Lohengrin, by the way, we here find to be "no mere outcome of Christian meditation, but one of man's earliest poetic ideals." Wagner here points out, as he does also in the preface to his Tannhauser poem, that "not one of the most affecting, not one of the most distinctive Christian myths belongs by right of generation to the Christian spirit, such as we commonly understand it; it has inherited them all from the purely human intuitions of earlier times, and merely moulded them to fit its own peculiar tenets." He traces Lohengrin to the Grecian myth of Zeus and Semele, though rightly saying that even this is not its oldest form: "The God loves a mortal woman, and for sake of this love approaches her in human shape; but the mortal learns that she does not know her lover in his true estate, and, urged by Love's own ardour, demands that her spouse shall show himself to physical sense in the full substance of his being. Zeus knows that she can never grasp him, that the unveiling of his god-head must destroy her; himself, he suffers by this knowledge beneath the stern compulsion to fulfill his loved one's dreaded wish; he signs his own death warrant when the fatal splendor of his godlike presence strikes Semele dead."
Wagner doubtless also had in mind the myth of Eros and Psyche, in which the resemblance to Lohengrin is still closer. Certain it is that he grasped the great fact of human evolution embodied in these myths, and so well expressed by Eliphas Levi in these few words: "The angels aspire to become men; for the perfect man, the Man-God, is above even angels." Heaven and earth must kiss each other; Spirit and Matter must blend; and the struggle to attain this union constitutes the Tragedy of the Soul.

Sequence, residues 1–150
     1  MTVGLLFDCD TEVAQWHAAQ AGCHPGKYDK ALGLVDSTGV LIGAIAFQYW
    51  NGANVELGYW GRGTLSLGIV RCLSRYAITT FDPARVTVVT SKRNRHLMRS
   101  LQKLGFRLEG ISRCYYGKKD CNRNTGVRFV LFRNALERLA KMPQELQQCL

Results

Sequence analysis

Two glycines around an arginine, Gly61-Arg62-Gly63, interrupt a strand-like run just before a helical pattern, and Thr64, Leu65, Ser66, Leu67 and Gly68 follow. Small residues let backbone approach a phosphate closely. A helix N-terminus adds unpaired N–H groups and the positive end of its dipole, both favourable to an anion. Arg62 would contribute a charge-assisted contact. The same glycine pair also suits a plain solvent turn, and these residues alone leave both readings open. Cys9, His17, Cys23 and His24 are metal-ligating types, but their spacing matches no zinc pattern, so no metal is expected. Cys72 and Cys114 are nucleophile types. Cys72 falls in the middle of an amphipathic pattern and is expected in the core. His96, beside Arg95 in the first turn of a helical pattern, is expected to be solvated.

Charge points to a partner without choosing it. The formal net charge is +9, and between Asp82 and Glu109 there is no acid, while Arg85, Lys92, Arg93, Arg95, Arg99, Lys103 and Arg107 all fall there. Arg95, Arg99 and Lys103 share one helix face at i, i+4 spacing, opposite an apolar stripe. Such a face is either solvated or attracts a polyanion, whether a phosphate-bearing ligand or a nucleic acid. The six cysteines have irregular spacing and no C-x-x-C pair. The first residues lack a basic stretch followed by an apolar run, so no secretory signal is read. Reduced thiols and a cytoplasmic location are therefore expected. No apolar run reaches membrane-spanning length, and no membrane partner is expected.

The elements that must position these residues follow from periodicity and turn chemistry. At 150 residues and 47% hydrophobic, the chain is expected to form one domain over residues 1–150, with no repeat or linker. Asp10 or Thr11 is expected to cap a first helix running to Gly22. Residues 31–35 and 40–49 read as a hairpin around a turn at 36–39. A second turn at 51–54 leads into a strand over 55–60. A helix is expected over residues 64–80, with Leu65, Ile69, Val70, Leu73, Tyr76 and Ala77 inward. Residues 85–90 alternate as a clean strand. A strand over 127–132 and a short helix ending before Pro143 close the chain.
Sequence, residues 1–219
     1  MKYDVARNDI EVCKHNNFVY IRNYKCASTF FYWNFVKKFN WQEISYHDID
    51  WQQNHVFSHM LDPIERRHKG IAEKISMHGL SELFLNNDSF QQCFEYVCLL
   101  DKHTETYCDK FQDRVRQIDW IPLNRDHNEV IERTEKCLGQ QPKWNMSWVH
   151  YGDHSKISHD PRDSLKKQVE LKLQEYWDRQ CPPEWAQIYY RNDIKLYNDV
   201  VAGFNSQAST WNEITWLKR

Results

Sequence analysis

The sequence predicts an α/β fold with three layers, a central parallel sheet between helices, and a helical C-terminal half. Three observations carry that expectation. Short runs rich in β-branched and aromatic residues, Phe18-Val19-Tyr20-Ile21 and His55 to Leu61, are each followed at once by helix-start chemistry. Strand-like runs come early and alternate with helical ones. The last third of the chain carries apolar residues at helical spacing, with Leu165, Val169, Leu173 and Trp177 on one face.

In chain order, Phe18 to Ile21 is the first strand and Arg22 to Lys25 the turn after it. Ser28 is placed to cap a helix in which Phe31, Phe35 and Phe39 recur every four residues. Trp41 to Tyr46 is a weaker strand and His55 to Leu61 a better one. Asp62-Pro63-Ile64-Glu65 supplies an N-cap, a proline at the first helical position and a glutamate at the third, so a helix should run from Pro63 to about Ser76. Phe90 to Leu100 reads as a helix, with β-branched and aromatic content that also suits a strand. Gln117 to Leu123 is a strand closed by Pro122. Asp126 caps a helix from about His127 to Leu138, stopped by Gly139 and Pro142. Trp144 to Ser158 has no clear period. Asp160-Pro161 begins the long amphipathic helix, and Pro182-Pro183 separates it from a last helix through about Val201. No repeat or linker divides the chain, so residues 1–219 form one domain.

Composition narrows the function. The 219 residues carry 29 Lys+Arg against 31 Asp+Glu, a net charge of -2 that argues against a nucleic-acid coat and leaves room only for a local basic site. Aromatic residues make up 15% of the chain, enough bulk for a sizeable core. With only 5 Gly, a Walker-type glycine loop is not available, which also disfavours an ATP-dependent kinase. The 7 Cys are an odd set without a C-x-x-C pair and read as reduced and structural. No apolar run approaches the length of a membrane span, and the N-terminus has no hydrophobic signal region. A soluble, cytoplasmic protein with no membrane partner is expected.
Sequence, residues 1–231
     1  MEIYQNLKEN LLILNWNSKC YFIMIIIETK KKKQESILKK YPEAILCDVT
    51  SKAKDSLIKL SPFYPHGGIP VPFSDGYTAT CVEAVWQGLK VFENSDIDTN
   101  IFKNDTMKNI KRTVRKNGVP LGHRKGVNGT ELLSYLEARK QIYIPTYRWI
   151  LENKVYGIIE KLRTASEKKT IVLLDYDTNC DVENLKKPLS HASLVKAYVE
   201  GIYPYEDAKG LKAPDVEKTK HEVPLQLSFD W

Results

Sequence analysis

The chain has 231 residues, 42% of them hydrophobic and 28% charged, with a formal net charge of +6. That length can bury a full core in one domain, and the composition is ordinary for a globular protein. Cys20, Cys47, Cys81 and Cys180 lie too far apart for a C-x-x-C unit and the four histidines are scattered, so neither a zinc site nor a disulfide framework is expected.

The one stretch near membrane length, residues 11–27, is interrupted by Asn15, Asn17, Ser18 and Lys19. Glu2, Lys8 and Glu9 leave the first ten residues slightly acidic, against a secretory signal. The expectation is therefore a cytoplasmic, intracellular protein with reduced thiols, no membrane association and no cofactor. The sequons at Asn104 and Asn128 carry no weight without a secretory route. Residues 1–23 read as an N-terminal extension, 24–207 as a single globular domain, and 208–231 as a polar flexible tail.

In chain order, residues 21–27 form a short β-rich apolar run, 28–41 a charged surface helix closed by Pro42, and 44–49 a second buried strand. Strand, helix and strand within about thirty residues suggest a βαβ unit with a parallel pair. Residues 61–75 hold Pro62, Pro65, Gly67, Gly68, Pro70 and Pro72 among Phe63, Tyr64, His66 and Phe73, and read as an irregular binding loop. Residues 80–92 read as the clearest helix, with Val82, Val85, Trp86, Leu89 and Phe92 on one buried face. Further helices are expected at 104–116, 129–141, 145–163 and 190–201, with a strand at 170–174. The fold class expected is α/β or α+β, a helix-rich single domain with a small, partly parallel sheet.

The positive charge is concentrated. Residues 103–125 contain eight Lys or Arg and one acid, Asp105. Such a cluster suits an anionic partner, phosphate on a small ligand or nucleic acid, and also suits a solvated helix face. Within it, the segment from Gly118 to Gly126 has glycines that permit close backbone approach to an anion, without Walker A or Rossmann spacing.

It was the feeling of utter loneliness in the face of the modern art-world which caused the story of Lohengrin to appeal so powerfully to Wagner at this time. He tells us that in the performances of the "Dutchman" and "Tannhauser" he found he was speaking in a tongue the public did not understand. They were used to ordinary opera, where it was a case of "singer" first and "actor" nowhere. "I required the Actor in the forefront, and the Singer only as the Actor's aid; lastly, therefore, a public who should join me in this claim. For I was forced to see that not until such claim were met could there be the remotest question of an impression by the story told. * * * Thus I could only look upon myself as a madman who speaks to the wind and expects it to understand him. * * *"